FIG. 3 illustrates a plan overview of an example device 10. In some embodiments, device 10 is configured so that at least a part of intermediate portion 20 is disposed between a generally stiff proximal portion 16 and a generally flexible distal tip 18. According to this embodiment, distal tip 18 is more flexible than proximal portion 16, and at least a part of intermediate portion 20 is more flexible than distal tip 18. This feature allows device 10 to buckle at intermediate portion 20 if distal tip 18 is stopped, for example by an occlusion.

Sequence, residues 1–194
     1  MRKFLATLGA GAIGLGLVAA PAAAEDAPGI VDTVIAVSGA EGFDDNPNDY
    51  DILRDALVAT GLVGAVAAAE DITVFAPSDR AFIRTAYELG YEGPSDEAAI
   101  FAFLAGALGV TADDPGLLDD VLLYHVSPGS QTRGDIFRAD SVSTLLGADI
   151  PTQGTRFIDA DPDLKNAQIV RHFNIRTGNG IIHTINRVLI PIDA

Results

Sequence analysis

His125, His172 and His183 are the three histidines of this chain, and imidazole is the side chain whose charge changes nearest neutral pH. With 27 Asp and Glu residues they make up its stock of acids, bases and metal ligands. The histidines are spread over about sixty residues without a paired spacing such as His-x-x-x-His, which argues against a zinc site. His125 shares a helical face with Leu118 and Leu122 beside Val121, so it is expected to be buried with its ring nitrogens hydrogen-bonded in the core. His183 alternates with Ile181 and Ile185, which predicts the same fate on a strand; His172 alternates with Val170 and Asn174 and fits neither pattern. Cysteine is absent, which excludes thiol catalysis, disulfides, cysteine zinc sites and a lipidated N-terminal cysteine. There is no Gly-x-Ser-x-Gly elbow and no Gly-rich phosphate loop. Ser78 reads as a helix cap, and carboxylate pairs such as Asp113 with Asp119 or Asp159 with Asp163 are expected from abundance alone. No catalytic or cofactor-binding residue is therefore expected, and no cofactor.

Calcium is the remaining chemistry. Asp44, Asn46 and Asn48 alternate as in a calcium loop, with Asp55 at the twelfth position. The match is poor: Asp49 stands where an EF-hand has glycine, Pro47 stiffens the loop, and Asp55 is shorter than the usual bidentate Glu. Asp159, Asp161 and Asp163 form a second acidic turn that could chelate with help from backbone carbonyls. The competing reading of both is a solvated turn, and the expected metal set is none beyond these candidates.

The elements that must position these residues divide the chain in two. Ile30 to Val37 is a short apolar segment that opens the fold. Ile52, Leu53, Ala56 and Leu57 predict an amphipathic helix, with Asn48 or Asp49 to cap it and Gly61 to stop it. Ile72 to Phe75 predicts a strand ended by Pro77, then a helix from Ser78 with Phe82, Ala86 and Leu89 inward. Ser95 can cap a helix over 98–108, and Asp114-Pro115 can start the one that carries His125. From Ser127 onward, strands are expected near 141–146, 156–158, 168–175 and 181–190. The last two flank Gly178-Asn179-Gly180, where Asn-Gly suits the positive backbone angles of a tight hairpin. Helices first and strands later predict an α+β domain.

Buckling is generally understood to be a change in shape of device 10 that results in at least some lateral displacement of at least a portion of intermediate portion 20 that diverts force away from or prevents force from being transmitted to distal tip 18. Diverting or preventing the transmission of force to distal tip 18 can result in a reduced or nominal amount of displacement of distal tip 18. Thus, as force is applied to proximal portion of 16 in the distal direction, device 10 advances distally. When distal tip 18 encounters a barrier, additional distal force is diverted from distal tip 18 by the buckling of intermediate portion 20. As such, intermediate portion 20 acts as a push force limiter by limiting the amount of force that can be transmitted from proximal portion 16 to distal tip 18.